Thursday, July 02, 2015

"Sir, always catch a man before you hang him."

     The Gaspee Affair was a seminal event in the American War for Independence that predates the Boston Tea Party. The confrontation also is where the Patriots fired the first shot of the Revolutionary War, three years before the Shot Heard Round The World at Concord. That the shooter fired at sea and not on land gets to the core of the American grievances with the Crown: onerous customs taxes that made legal commerce nearly impossible. However, the Gaspee Affair is as lost in the sea of history as the ship itself as the man who fired that first shot. Allow me to rescue him -- and his commander.
     Joseph Bucklin V was born on March 2, 1754, in Providence, Rhode Island. His father was Captain Joseph Bucklin IV, who was born on February 20, 1719, in Bristol, Massachusetts. He retired from the sea and ran a restaurant.
     Evading the taxes demanded by the Crown created black market for smugglers. Following Lord North's promotion to the prime ministry in 1770, the Royal Navy cracked down on smuggling.
     Lieutenant William Dudingston was a particularly nasty tax collector as commander of H.B.M. Schooner Gaspee, a revenue cutter. He and his crew boarded ships and confiscated cargo without regard to guilt or innocence. His aim was not collecting taxes but to punish merchants who joined the Sons of Liberty, a group of Patriots. At Bucklin IV's restaurant, Patriots plotted to bring Dudingston down. On the night of June 9, 1772, Captain Benjamin Lindsey of the Hannah, deliberately lured the British into the shallow waters of Narragansett Bay, off Rhode Island. Dudingston ran the Gaspee aground off Namquit Point, near present-day Warwick, Rhode Island.
     That is when the fun began. Captain Abraham Whipple led a party of 50 men to row to the helpless ship and loot and burn it. Born on September 26, 1733, in Providence, Rhode Island, Whipple was a veteran of the French and Indian War. As a privateer he and his crew aboard the Gamecock captured 23 French ships in a six-month period in 1759 and 1760, which was a nice haul.
     The attack on the Gaspee marked the return of Whipple to action. The grounding of the Gaspee was all part of a grand plan. Whipple had collected the eight largest longboats in the harbor and swore his 50 men to secrecy beforehand. They made sure they muffled the oars and the rowlocks, and placed the boats at Fenner’s wharf. Once the signal came that the ship was aground, Whipple and company took action.
     One of his men was Joseph Bucklin V, just 18. In the darkness as they boarded the ship, Bucklin identified Dudingston. Bucklin turned to his friend, Ephraim Bowen, and said, “Ephe, reach me your gun, and I can kill that fellow.”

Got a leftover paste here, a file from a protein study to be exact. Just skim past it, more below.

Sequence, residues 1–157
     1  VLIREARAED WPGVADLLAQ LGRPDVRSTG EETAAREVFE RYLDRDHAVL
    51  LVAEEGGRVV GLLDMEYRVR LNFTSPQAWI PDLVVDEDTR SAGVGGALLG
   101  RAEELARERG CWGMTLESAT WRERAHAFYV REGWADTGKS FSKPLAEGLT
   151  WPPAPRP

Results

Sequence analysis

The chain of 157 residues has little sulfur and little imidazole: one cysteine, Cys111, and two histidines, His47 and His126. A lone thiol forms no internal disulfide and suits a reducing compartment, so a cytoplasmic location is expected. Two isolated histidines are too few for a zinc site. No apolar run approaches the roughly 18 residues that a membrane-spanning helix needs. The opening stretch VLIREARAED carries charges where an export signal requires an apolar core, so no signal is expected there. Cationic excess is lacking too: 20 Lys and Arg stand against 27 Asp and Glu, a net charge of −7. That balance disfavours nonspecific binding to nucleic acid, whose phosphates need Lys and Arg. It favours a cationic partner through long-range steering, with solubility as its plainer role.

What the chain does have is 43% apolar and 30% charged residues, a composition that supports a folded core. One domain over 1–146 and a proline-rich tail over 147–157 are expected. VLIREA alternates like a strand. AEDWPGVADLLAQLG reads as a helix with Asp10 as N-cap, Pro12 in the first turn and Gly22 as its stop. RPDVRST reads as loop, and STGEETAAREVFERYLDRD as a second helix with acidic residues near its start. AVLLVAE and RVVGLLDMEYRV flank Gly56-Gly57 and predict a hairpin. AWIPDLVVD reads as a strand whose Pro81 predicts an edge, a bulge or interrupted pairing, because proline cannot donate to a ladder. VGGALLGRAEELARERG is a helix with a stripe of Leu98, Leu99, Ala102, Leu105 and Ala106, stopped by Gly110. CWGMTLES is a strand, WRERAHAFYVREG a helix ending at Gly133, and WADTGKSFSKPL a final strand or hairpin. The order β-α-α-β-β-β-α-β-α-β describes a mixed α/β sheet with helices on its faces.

Bucklin fired and the commander fell. Apparently, besides being a bully, Dudingston was a drama queen. His acted as if he was going to die. Americans tended his wounds, then proceeded to rob the ship blind before setting it on fire.
     Edward Thurlow, the attorney general of England and Wales in 1772, declared the shooting of Dudingston an act of treason. King George III put a price of £1,000 on Bucklin's head. However, bringing the Americans to justice proved folly. Everyone in town knew who boarded the ship, but no one was foolish enough to attempt prosecution against the popular Patriots. A royal inquiry also resulted in no arrests.
     Captain James Wallace of HMS Rose wrote Whipple, "You Abraham Whipple on June 10, 1772, burned his majesty's vessel the Gaspee and I will hang you at the yardarm!"
     Whipple wrote back,  "Sir, always catch a man before you hang him."
     Alas, Joseph Bucklin V would not survive the war. He died in 1781 at sea.
     But Whipple lived on. Three years after destroying the Gaspee, and shortly after the Battle of Lexington and Concord, the Rhode Island legislature named him commodore of the colony's navy, which consisted of two ships. His first target was Captain Wallace and the Rose.His mission was to clear the bay of British ships. On June 15, 1775, he fired the first American shot at a British ship, the armed sloop Diana, which soon became his first prize. By the day's end, Americans had recaptured five of the six American merchant ships that Wallace had confiscated. That was the first naval battle of the Revolutionary War. There would be many others. Whipple landed the first captaincy in the Continental Navy on December 22, 1776, when Congress gave him command of 24-gun ship Columbus. A young officer named John Paul Jones eagerly hoisted a flag of the new nation, although it was not the Betsy Ross flag.
     Whipple and his sailors would inflict nearly £1 million worth of damage to the British Navy during the course of the war. However, in the Seige of Charleston, South Carolina, the British took Whipple as a prisoner of war on May 12, 1780. They paroled him to Chester, Pennsylvania, and he sat out the rest of the war, after which he took up farming near Cranston, Rhode Island, later moving to Marietta, Ohio, where he died at 86 on May 19, 1819, America's first naval hero.

My first collection of "Exceptional Americans" is available here. And the Kindle version is here.

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